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I work for a small web firm that provides various web services and hosting to many clients.

Our problem is that we have lots of clients and lots of domains spread over several different servers. We also have some clients that self-host.

Keeping track of all these and the changes that occur over time is a real headache. How are you guys managing similar situations?

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    Welcome to Software Recommendations! Please note this site is about recommending software, not assets like howtos, manuals, multi-media content – and neither it is about "general IT consulting topics". So sorry, this question seems off-topic here – unless you re-phrase it accordingly to ask for "a software to keep track of …", see What is required for a question to contain "enough information"? for a helpful guide. – Izzy Jul 7 '15 at 6:19
  • What is your budget? – Nicolas Raoul Jul 7 '15 at 10:19
  • Does it also need to manage passwords? – Nicolas Raoul Jul 7 '15 at 10:19
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    Does it also need to manage the source code (HTML etc) of all of our clients, and also your source graphic design files? Do you need versioning for all of these? – Nicolas Raoul Jul 7 '15 at 10:20
  • I just want something simple. That can tell me (or anyone in our company) definitively where a client is hosted and perhaps retrieve credentials. – Jonathan Peoples Jul 7 '15 at 13:53
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Given that you are a web firm, would you not be able to put together something which meets your needs specifically in a reasonable amount of time, and something that only gets used internally?

If you don't want to go down the full system development route, you could look at a customer relationship management (CRM) solution. There's loads out there, some free (SugarCRM and vTiger as examples) which can be customised either through adding custom fields which you need, or you can do development into them and build in the functionality that you need.

There's paid offerings too, such as salesforce.com, but that can get expensive quickly with add-ons, or OpenCRM; which isn't open source, despite what you might expect from the name. Full disclosure: I am a former employee of OpenCRM so my view on the system will most likely be biased. I know the latter system will work for what you need, and can be customised to have extra fields to hold the information you need (it's used internally within OpenCRM for similar purposes). This can be done by system admins or by your account manager and their team with relative ease.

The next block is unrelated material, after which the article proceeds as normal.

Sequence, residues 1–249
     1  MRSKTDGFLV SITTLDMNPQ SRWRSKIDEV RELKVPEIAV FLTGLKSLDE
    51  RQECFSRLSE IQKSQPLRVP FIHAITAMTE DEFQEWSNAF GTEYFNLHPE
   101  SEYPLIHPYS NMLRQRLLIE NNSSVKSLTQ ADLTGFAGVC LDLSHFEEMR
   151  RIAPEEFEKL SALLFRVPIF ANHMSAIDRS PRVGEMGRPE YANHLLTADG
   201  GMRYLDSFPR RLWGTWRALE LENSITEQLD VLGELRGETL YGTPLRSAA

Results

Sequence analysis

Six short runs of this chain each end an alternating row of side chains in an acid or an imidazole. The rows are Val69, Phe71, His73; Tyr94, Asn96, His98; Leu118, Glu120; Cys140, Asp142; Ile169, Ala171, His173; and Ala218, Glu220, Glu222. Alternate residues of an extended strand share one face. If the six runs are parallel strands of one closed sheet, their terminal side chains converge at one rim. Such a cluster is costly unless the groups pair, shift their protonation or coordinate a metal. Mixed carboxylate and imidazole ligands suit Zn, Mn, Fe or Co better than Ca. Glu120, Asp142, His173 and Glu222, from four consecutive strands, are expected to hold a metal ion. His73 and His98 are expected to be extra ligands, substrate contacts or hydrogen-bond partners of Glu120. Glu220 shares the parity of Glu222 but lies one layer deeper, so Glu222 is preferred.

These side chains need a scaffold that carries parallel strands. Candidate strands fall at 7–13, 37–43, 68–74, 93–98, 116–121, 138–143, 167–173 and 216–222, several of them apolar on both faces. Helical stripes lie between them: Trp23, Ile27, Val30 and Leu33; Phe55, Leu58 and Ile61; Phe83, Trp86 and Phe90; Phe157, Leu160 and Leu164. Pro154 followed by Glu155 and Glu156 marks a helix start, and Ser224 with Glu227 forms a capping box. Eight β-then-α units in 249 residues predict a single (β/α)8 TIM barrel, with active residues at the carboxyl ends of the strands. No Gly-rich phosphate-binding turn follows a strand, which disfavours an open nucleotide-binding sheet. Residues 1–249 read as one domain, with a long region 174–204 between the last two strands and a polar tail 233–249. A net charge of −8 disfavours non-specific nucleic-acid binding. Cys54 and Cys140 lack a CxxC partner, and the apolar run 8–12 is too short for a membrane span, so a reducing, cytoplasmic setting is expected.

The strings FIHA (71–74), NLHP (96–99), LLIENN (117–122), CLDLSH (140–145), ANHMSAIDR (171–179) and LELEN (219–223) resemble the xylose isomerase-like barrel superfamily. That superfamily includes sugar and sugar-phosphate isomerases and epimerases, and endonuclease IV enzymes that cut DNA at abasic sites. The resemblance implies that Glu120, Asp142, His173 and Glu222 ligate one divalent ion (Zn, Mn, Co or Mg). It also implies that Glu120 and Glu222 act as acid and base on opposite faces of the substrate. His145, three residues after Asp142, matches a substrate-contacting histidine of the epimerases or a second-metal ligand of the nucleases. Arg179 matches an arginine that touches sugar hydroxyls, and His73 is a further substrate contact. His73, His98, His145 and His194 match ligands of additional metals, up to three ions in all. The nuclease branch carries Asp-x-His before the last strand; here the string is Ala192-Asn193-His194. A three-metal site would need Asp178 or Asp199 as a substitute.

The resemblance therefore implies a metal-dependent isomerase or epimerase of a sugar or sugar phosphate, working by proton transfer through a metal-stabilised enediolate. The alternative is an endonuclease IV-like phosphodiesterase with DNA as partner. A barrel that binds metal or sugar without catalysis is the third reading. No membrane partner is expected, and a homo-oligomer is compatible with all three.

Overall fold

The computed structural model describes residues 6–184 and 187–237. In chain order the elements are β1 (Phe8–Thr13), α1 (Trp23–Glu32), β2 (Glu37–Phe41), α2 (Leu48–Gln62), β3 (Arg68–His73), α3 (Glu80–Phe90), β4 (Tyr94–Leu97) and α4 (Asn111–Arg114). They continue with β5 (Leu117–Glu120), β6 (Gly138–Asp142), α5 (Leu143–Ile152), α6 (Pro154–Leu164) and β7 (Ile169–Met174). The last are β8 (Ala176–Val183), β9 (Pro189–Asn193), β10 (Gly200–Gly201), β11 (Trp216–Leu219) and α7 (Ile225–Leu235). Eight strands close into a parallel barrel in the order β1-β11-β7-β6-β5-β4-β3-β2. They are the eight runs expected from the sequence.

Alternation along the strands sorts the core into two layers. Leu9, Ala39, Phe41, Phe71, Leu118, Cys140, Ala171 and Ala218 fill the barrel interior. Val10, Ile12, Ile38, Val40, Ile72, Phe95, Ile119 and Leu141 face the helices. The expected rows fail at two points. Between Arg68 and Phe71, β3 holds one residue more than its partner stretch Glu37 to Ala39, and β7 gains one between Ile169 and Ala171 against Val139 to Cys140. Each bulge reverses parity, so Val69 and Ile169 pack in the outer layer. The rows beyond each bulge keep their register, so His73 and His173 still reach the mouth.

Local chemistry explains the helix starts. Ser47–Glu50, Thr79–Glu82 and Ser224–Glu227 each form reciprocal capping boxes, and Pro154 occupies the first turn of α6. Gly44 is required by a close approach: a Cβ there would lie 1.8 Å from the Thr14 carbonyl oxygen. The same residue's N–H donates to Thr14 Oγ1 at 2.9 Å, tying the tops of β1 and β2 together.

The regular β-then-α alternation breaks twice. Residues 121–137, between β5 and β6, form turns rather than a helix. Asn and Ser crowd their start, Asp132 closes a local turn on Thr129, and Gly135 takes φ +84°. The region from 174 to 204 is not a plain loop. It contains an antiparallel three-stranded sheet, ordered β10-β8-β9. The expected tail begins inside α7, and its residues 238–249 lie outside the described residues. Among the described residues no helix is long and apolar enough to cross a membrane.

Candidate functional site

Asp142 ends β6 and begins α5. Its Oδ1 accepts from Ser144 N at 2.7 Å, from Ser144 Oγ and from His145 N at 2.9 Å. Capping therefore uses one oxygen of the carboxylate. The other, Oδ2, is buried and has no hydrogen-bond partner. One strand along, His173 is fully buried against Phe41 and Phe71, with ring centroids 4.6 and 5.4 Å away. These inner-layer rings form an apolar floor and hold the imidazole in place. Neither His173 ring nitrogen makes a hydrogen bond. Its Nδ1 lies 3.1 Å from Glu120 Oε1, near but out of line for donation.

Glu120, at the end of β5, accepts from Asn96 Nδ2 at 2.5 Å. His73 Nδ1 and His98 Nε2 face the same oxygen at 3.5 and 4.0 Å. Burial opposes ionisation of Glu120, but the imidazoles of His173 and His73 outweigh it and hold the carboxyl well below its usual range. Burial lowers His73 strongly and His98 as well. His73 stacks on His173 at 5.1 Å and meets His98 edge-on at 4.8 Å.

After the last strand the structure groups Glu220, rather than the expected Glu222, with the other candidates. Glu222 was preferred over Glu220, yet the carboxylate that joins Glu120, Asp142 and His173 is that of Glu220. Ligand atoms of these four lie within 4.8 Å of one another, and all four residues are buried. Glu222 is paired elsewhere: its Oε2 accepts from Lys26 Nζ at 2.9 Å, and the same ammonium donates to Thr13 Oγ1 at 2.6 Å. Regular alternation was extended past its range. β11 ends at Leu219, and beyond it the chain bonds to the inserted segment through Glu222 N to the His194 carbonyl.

Aside from the general system route, there's another less high-tech route (and massively more insecure) where you store the information in a spreadsheet which the relevant people have access too, and search the sheet when you need certain information.

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We have been using our own local instance of Taiga for about 9 months, with a huge amount of success. We have slowly replaced most every other way we had of keeping track of anything: code issues, documentation updates, server information, feature requests...

I assume that you already have some other "system", software or otherwise, for handling development work. My recommendation is to create a "project" for each client or client project, as a KanBan board. Then track incoming changes, changes in progress, and those completed; as columns on the board. Use the built-in wiki, in each project, to keep track of relevant server and domain information.

They supply a Vagrant file that you can give it a spin with, but installing your own is straightforward, if you have experience with web server environments.

  • The Taiga link at the beginning of your answer doesn't seem to work. – Chillie Nov 1 '16 at 14:00
  • @Chillie, here, it is http://taiga.io/. Not sure why it is not working for you because I just clicked it without any issues. – Kevin Nov 1 '16 at 17:20
  • Ok, now it seems to be working! – Chillie Nov 1 '16 at 18:36
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LDAP Server

LDAP is a standard for providing directory information, originally developed by the telephone industry. Used in information systems today for storing information about users, servers, and much more. Basically an online shared Address Book on steroids. So you can track your clients and/or servers.

LDAP software is common, with servers and clients available for virtually every OS or platform. For example, the Contacts app bundled with every Mac computer can serve as a client to an LDAP server.

Security is part of the design.

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You can track all your documents in Google Drive. In that way, you can easily manage all the information and log ins of your hosting to each clients you handle. You can also try using WiredContact to manage your system more convenient and secured.

WiredContact makes marketing simple.It enables you and your team(s) to access all your customer, prospect and partner information in one central location 'Through your web browser on any device, anywhere in the world'.

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